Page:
‘The Austro-Hungarian Monarchy in Words and Pictures’
Crown Prince Rudolf initiated a compendium on the Habsburg empire, intended as a peace project to unite different peoples and thus to save the crumbling Monarchy.
Excluded from the political life of the court by the conservative figures surrounding his father due to his liberal and progressive ideas, Rudolf made his own mark when, in 1884, he initiated the monumental encyclopaedia Die österreichisch-ungarische Monarchie in Wort und Bild (‘The Austro-Hungarian Empire in Words and Pictures’), named after him as the ‘Kronprinzenwerk’. The work was a kind of compendium intended to record the entire empire with all of its peoples.
The Kronprinzenwerk was certainly impressive in statistical terms; over a period of 17 years, from 1885 to 1902, there appeared 397 individually-published instalments which were sent every two weeks to subscribers. In total, the project comprised 24 volumes containing 587 articles by over 400 authors (largely locally-based folklorists who themselves belonged to the ethnic group being investigated) and around 4,500 illustrations by 264 artists from across the Crown Lands. It was thus the biggest work published by the Imperial-Royal Court and State Publishing House. In keeping with the dualistic structure of the Monarchy, a German and a Hungarian edition were prepared by two separate teams of editors – in parallel, but differing somewhat in terms of content, the Hungarian version being primarily directed at an urban middle-class target audience.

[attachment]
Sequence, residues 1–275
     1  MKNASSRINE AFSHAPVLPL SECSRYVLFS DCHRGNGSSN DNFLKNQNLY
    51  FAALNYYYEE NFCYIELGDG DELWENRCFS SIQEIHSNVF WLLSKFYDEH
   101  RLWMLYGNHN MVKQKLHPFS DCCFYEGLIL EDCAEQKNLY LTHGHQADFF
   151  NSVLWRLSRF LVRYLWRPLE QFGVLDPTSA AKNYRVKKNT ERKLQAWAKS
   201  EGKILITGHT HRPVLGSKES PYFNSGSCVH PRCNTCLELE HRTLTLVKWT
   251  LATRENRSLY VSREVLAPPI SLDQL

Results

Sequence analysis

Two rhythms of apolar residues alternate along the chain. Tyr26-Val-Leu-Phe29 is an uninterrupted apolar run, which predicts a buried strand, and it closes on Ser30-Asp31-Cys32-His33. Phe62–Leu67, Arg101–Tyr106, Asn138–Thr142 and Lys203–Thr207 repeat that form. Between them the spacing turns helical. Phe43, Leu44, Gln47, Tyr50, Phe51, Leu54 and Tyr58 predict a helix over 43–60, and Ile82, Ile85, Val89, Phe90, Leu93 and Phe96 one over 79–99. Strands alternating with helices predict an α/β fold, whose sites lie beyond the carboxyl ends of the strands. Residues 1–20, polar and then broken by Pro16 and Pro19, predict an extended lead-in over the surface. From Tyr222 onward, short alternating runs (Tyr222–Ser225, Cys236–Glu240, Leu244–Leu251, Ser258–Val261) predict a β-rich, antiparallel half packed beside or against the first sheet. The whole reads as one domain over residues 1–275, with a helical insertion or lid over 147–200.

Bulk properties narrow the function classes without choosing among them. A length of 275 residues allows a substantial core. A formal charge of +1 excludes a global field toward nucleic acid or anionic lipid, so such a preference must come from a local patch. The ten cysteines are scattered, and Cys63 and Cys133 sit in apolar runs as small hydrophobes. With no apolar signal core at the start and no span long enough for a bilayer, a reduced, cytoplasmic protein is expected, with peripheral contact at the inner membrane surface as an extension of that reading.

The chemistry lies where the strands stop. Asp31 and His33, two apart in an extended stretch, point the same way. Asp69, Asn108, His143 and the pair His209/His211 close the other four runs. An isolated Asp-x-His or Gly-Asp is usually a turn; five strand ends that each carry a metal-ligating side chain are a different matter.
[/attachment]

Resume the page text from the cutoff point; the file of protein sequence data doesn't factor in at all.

Great hopes were placed in the work, at least at the beginning, both by the publishers and the press, which gave it considerable public attention in the 1880s. Against the background of the virulent conflicts between the Monarchy’s nationalities which took place during this decade, the work was intended to be a peace project linking people together and directed against all separatist forces; through the communication of knowledge, it aimed to bring reconciliation and strengthen solidarity within the Danube Monarchy.
Following Rudolf’s death, and with the shifting of the topics dealt with in the volumes from the centre to the periphery of the empire, public interest increasingly evaporated. Today, a complete edition of the Kronprinzenwerk is a much-sought-after collector’s item.